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“Krrish-3”: Something Borrowed….
5 January, 2014
Krrish-3 (The first superhero-character in the world not based on a comic) has effectively wiped out the damage done to Indian super leads by Shah Rukh Khan’s disastrous “Ra-One” which made Indians stay away from Superheroes for life.
The critics/reviews were too focused on what part of the film was “inspired” from which Hollywood film (and there are many) and forgot the main purpose of a film.
Entertainment: inspired, original, copied or otherwise.
The absence of Krrish-2 title is explained by comparing Sylvester Stallone’s Rambo series that started with “First Blood”, “Rambo” and “Rambo 3.”
Krrish, thankfully, does not have any issues: he simply wants to save the world unlike the “Nolan”-isation of present day complex-ed Hollywood superheroes.
The story is about deliberate virus-attacks by a quadriplegic Kaal (Vivek Oberoi) and his team of Mutants, living in an avant-garde laboratory on a snowy Switzerland terrain.
He then makes money, from the antidotes that he sells.
Kaal has a “Dracula” type of paleness, due to the lack of sunshine, since he is indoors most of the times, and is the most exciting villain to hit Bollywood after Gabbar Singh (“Sholay”) and Mogambo (“Mr India”.)
It’s Krrish and his father Rohit (Hrithik Roshan in a double role) who thwart Kaal’s ambitions that results in many of the films highlights: The fights with the mutants, the spread of the antidote on the city, Kaal’s cure and subsequent transformation, to the climax where an indestructible Kaal meets his end, with Krrish hovering on top of the destroyed rubble peculiarly resembling the iconic Roman lady of Columbia Pictures Logo.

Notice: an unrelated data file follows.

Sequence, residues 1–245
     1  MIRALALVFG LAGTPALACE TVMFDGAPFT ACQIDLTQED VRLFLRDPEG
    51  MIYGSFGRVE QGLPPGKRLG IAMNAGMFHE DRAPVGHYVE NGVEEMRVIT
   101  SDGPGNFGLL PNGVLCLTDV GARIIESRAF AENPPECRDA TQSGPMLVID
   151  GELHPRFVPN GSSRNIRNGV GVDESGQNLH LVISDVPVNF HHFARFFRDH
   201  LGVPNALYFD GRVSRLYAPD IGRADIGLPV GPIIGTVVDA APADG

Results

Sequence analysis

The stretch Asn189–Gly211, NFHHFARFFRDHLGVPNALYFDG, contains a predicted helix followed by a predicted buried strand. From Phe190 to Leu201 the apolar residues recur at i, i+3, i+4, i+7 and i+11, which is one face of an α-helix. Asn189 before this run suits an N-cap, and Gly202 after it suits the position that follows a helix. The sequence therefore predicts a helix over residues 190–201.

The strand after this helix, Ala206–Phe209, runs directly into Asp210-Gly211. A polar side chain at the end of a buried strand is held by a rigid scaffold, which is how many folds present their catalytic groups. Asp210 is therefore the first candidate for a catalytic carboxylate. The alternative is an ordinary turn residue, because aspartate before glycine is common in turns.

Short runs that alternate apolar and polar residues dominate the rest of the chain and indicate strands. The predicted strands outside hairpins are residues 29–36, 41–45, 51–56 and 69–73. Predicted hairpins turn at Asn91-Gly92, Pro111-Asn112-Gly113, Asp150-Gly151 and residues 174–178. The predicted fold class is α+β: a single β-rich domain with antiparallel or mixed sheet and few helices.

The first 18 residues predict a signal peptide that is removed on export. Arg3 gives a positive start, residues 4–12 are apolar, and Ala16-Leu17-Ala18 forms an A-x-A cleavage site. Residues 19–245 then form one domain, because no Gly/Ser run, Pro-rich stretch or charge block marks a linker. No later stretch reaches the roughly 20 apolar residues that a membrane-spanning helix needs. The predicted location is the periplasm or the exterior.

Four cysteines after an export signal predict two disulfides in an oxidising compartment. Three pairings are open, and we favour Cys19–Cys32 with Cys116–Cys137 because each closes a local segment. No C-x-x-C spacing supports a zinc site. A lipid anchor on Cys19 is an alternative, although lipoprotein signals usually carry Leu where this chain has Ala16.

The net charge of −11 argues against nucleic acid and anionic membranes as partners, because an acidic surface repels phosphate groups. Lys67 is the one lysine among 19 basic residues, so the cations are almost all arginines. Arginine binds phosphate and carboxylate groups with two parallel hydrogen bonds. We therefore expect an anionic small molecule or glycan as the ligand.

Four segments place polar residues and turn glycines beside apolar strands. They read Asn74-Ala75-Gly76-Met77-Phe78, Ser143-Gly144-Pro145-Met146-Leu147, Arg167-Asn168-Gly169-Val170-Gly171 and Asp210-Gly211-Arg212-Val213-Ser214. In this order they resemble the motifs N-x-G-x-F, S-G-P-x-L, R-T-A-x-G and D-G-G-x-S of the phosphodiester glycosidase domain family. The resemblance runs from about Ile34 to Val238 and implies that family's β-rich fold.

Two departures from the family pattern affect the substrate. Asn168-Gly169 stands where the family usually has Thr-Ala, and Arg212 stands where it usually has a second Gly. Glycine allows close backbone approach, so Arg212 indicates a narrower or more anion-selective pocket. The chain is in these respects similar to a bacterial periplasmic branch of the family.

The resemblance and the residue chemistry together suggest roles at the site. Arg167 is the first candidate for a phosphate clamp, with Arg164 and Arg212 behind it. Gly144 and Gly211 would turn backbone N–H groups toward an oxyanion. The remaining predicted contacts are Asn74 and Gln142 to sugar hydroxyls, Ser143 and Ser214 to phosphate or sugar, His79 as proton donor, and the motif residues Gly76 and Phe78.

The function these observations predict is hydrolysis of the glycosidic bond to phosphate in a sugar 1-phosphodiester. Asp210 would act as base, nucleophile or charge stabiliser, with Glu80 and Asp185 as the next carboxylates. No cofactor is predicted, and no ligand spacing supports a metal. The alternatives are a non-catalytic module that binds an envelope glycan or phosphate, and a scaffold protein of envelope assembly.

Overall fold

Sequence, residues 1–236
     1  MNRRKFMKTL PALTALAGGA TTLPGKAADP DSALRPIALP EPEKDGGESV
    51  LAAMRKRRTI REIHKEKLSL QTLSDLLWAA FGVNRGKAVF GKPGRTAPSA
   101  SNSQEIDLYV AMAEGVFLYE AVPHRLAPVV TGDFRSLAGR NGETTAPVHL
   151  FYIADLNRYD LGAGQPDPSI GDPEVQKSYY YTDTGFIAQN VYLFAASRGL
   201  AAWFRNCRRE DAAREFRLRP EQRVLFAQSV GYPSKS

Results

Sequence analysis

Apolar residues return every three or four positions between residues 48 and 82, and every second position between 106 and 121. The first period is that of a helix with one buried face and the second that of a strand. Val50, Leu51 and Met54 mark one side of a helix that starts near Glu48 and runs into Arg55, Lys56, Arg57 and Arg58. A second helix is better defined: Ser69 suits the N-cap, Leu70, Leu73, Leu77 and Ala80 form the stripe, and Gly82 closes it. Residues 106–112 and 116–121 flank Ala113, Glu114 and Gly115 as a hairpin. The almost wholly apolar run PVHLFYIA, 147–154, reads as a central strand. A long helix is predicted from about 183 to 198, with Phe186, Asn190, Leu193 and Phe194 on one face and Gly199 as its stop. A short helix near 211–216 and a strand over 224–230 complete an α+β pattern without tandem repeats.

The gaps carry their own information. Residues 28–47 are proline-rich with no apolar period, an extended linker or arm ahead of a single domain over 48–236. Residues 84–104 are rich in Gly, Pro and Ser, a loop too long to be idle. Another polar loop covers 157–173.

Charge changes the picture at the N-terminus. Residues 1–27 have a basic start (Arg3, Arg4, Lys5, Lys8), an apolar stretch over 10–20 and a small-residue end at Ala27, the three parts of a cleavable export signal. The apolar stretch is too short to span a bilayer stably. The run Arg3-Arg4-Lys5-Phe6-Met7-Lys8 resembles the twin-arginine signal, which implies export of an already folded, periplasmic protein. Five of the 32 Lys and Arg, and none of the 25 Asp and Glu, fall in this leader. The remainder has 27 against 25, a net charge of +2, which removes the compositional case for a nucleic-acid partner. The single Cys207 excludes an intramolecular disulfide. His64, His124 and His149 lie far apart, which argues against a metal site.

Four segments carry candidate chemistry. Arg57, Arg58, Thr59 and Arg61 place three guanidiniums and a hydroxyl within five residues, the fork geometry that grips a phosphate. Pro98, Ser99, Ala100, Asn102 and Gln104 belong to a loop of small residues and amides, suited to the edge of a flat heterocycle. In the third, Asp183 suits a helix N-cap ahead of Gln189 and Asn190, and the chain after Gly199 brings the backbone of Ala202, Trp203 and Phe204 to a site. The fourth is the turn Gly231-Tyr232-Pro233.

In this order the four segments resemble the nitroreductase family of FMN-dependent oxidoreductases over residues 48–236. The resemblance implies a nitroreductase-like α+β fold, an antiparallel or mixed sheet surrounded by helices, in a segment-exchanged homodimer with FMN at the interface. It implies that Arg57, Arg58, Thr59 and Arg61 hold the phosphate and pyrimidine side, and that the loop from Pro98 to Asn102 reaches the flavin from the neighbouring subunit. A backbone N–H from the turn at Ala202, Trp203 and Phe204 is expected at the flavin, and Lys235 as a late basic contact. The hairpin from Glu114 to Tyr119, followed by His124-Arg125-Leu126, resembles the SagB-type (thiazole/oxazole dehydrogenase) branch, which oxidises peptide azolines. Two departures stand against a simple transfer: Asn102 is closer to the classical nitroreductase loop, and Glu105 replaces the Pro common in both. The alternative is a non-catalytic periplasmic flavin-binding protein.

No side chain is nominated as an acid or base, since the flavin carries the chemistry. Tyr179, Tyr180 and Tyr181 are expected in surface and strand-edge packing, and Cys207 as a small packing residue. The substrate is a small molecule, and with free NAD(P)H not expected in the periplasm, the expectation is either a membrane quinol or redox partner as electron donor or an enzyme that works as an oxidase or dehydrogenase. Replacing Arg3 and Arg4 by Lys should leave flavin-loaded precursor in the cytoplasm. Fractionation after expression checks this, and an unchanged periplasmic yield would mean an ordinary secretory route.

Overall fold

Hrithik changed around 600 wax-masks as they melted after every shoot.
Though there are many OMG moments in the film, it’s the emotional ones that draw the “aahs.”
Hrithik shines in his role as the father (his expressions: quivering lips and tear-stained eyes convey more than a than a long speech to Lord Krishna would have done) and is brilliant during the final sacrifice towards his son in an effective, though over-the-top, solar experiment sequence.
Priyanka Chopra underplays her role as a journalist/wife to Krrish but manages to leave a mark and is drool-worthy in the song “Raghu Pati”.
Her sensuality is restrained vis-à-vis Kangana’s which is more blatant.
(No one is complaining, though)
Ably compensated for her shoddy role in Roshan’s flop “Kites,” Kangana Ranaut oozes sex appeal in a nothing-left-to-imagination backless latex suit, clad brazenly in a skin tight bustier and a crotch harness, transforming slowly from an emotionless form-changing mutant to whose latent feeling are aroused by Hrithik’s passion.
Since Rakesh’s first-produced film “KaamChor” (1982) was a hit, all his films have “K” in the title.
The songs are average but watchable.
Kangana’s raw infatuation is demonstrated in the stark deserts of Jordan (where the song “Dil Tu Hi Bataa” was shot) with creepy expressions and creepier costumes.
If nothing else, Rakesh Roshan should be applauded for giving us a polished, entertainer using Indian technology at a small fraction of Hollywood’s cost.
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